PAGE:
Spent more time than I'd like installing connectors so I can work on things without having to rewire constantly.  These aren't bad once you get used to how they go together - they're waterproof and if soldered, are good connectors.

I did some testing with the connectors, and made sure it all worked in my living room, using a battery jump starter - much easier than having to test in the car and rewire if it was wrong. Not sure my wife was happy about it though :)  Used my old center dash vent panel for testing - you can see my cardboard template for the center console in the background.

dcteague
dcteague Reader
1/11/21 5:48 p.m.

Had a bit of success tonight on a buddies bandsaw to cut the elbow to match up to the box in place of the stock looking hose fitting.  Turned out pretty close - will fine tune it with my belt sander to get it perfect from here, then epoxy it into place, and cover back up with heat shielding.

 

 

84FSP
84FSP UltraDork
1/12/21 1:45 p.m.

I like your ducting work - very clean.  Curious to hear if the foil makes an appreciable difference in AIT numbers.

dcteague
dcteague Reader
1/12/21 1:50 p.m.
84FSP said:

I like your ducting work - very clean.  Curious to hear if the foil makes an appreciable difference in AIT numbers.

Thanks - I'll know soon, but I figured it can't hurt and its likely going to be much better than most CAI on the market.  I'll figure out where to route the other end once I get the headlights on, and know how much room I have to route additional ducting to a clean outside source of air.

dcteague
dcteague Reader
1/13/21 9:33 a.m.

After some of the most toxic epoxy I've used, I was able to get a solid connection between the new duct attachment and airbox.  Not the prettiest, but definitely will work and is strong enough for any stress put on the box from the various connections.  I'll probably remove a little excess epoxy but not too concerned about how this looks.

 

I mounted it to test fit, and its almost perfect but will require some major cutting back on the silicone connectors so that the entire path fits within the stock space between the throttle body and airbox - the MAF is larger than stock so length is now the challenge but I think I can make it work.  Will post the pic of the full path once I have them trimmed and setup.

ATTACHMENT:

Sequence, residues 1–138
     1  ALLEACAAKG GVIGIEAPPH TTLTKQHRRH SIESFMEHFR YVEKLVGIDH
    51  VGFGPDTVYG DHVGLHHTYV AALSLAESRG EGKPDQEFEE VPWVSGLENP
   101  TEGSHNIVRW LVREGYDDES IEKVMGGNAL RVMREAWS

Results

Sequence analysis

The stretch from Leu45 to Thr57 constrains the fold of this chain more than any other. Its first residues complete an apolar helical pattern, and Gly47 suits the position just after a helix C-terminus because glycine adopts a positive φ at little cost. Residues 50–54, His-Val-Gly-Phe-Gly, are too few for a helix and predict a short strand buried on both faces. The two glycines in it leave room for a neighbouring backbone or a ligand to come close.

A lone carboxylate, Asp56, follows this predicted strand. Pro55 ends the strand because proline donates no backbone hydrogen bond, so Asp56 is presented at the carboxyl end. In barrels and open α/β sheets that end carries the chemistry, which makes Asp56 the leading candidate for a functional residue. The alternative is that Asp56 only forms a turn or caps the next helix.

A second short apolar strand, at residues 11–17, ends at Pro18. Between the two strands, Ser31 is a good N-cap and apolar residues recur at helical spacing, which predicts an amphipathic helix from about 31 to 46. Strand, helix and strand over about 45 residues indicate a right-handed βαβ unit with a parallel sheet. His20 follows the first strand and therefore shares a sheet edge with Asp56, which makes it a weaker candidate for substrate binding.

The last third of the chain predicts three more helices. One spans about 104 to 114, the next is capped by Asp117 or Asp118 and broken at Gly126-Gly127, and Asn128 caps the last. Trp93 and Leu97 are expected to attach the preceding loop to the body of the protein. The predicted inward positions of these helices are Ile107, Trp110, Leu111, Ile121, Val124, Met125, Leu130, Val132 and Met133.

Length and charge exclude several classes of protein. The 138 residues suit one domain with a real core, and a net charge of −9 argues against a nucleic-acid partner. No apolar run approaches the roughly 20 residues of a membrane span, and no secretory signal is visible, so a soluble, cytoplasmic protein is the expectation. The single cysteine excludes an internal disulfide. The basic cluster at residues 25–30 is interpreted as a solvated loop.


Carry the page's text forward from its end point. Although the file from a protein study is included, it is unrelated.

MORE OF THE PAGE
dcteague
dcteague Reader
1/17/21 5:04 p.m.

Spent a lot of time sorting wiring.

I made a new harness that combined the SPAL, all gauges, and relays, and associated grounds and it includes all power and grounds at the gauge pods and new center console/panel I mocked up.  I have 2 relays to run my SPAL and new defogger, and a 6 terminal fuse box wired into the main power.  I used water proof multi-pin connectors throughout to make it easy to remove everything.  I'll add some pics later.

My center console will have the following:

  • 4 gauges (oil pressure, oil temp, water temp, volt - the first 3 have a tri-alert warning system so they don't need to be watched but are good for evaluating/monitoring off track and tuning.  may add fuel pressure later if I can't tap into ecu for this.
  • accessory power toggle
  • kill switch
  • window toggles
  • hazard toggle
  • warning light toggle
  • SPAL fan toggle
  • defogging/heater toggle
  • brake bias knob

Still figuring how to layout various items - this pic shows the initial fitting before I mount any toggles or gauges.  This is cut from the same material I used on the door cards but a little thicker - a FR4 fire resistant panel.  Not sure if I'll cover it or just leave it as-is, and I may cut a copy from aluminum to see which is less harsh on the eye in sun or hard to see at night (for drives home from the track).